You said to answer one last question, which I did.
Beside, I don’t understand what you mean by “at10 sec in” and “20 Days”.
If you mean what happens if you run the program for 10 seconds and then inserted microsd, then it will keep adding new lines without wiping the file clean. That happens only if you inserted card before starting your program. It wipes it clean only once at the beginning of your program.
What happens if you run program for 20 days with card inserted?
150 characters every 10 milliseconds times 60 seconds times 60 minutes times 24 hours times 20 days
That is 25,920,000,000 bytes!
You better have 32Gb sd card and super duper gaming laptop to copy & paste so much Rerun Stuffz.
actually, brute force is an acceptable first start. I did more looking vs my “know it all” attitude and the approach is honest and straightforward. It also represents what most go for with time based solutions - then they realize EPs are spraying fields with goop designed to slow robots down… and don;'t forget robots who get smashed up a bit and have no parallel drive structure.
Look, I was wrong about my early critique. We should not make it “here is a play loop so you do not code” but this is a nice way to show what happens when you record motion and try to make it an autonomous. It might not be pretty to look at, but it is a start as others have said. By exposing the code it hopefully encourages new teams to think “I get this” and, hopefully, “there is a better way”.
The tutorial is honest and a good teaching tool.
Thank you @TaranMayer for providing the catalyst for a great discussion!
Also here, unlike with Cortex which would use power output, my rerun records actual velocity. Not voltage, not velocity set to, but the ACTUAL velocity the motors are moving at. So in theory, I could push the bot around and it would record the movement.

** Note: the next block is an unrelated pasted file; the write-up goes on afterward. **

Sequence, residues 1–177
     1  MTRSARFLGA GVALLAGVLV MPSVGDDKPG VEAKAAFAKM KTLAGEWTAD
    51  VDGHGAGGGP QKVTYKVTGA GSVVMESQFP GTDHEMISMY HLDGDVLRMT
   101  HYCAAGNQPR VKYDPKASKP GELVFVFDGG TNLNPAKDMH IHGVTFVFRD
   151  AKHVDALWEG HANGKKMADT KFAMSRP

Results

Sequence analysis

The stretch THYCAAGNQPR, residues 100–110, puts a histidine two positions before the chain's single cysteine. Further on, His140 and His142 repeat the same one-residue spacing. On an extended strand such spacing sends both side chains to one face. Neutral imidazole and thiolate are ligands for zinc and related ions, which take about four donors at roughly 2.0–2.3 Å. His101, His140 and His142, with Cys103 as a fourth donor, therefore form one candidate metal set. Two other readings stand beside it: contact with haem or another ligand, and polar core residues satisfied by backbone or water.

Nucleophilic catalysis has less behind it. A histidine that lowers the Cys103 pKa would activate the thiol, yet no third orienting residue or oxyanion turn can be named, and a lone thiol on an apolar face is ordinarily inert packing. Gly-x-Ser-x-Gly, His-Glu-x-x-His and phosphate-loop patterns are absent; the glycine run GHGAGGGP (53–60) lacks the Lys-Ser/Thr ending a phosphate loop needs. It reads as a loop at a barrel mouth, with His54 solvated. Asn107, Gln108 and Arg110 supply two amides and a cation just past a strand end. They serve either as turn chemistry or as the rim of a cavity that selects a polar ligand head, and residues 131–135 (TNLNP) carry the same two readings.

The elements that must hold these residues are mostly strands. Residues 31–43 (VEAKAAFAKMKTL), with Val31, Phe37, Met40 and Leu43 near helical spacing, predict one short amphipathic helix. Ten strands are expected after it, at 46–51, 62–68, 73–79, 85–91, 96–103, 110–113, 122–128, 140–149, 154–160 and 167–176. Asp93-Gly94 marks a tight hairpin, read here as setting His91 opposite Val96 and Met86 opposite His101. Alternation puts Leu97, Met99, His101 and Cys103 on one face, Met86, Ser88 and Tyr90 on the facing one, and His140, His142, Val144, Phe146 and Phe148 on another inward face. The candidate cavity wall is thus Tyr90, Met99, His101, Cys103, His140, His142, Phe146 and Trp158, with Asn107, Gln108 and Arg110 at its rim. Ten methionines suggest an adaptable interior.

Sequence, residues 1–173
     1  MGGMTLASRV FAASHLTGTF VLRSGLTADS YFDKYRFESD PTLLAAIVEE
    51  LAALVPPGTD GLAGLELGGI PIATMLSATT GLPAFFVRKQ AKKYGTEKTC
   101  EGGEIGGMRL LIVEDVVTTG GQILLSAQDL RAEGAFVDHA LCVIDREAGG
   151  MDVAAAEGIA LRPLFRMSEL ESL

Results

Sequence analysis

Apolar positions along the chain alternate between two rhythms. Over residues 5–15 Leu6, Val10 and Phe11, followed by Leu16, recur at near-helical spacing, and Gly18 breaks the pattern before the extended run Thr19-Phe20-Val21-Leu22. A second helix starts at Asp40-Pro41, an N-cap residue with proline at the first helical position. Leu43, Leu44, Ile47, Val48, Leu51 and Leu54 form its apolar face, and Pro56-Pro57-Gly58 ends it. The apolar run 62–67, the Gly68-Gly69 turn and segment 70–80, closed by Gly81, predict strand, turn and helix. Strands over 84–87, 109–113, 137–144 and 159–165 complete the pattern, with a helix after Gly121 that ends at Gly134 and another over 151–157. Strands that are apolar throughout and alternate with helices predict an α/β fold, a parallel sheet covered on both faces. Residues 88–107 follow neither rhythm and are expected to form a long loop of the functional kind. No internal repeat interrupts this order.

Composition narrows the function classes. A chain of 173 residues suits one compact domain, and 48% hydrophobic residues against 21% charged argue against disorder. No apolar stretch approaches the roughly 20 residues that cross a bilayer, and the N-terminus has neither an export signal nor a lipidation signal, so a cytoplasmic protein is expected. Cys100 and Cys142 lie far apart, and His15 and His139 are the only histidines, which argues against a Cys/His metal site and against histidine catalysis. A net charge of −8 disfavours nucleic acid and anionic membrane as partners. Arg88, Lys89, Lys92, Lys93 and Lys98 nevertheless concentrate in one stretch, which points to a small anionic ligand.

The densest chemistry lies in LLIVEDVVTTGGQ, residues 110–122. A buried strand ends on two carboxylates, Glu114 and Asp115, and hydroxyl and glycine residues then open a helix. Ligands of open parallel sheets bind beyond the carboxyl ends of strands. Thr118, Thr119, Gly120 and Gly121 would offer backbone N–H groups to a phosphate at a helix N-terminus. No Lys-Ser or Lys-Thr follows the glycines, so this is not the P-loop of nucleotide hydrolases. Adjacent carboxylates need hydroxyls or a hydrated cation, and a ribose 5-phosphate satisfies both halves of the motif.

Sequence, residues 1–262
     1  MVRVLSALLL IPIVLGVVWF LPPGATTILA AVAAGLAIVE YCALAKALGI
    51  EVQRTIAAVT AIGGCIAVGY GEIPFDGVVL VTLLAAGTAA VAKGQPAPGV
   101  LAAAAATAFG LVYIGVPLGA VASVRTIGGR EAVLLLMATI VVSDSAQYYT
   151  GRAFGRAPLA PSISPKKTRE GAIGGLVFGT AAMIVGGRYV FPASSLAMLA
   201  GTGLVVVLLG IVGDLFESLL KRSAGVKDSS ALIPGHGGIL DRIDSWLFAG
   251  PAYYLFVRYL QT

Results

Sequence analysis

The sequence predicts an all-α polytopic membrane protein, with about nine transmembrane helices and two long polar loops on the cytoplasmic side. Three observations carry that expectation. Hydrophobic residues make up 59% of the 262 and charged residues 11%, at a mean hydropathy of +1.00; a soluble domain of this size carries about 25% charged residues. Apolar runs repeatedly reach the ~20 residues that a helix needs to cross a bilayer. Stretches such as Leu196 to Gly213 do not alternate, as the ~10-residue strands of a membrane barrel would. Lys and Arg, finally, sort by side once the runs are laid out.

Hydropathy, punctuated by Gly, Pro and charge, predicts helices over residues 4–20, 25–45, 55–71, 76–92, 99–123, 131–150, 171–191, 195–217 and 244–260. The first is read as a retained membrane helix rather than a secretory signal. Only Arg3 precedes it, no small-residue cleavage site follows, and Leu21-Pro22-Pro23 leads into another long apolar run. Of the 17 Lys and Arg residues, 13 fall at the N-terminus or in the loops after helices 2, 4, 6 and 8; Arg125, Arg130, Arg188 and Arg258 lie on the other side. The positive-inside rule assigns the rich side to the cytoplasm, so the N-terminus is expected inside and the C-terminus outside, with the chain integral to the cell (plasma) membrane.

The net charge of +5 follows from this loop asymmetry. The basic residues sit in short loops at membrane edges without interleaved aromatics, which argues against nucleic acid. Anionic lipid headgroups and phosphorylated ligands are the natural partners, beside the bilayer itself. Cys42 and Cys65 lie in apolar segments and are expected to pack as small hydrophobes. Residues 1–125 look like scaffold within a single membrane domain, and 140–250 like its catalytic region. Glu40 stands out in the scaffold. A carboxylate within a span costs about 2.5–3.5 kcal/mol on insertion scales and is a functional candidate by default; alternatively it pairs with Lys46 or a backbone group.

That is not the biggest reason (pun intended) to be cautious about this approach.
As @lacsap pointed out, the more important reasons are variability of the fields on which you test and compete due to anti-static application, field setup tolerances, robots starting to fall apart after collisions, etc… which time based reruns may not handle well.
That is a very simple yet effective way of improving accuracy without starting to make code more complicated. Special handling of the claw motor was also a nice touch.
Simple reliable time based autonomous could work better than the poorly configured PID based code. However, well written code that relies on the feedback from various sensors to do odometry and PID control, will undoubtedly work better in all circumstances.
The best part of @TaranMayer’s tutorial is that it demystifies “rerun” capability and shows how little you need to get started. It is also shows how you can streamline your workflow to the point when you can come to the untested field and walk away with working autonomous in less than 5 minutes of the field time.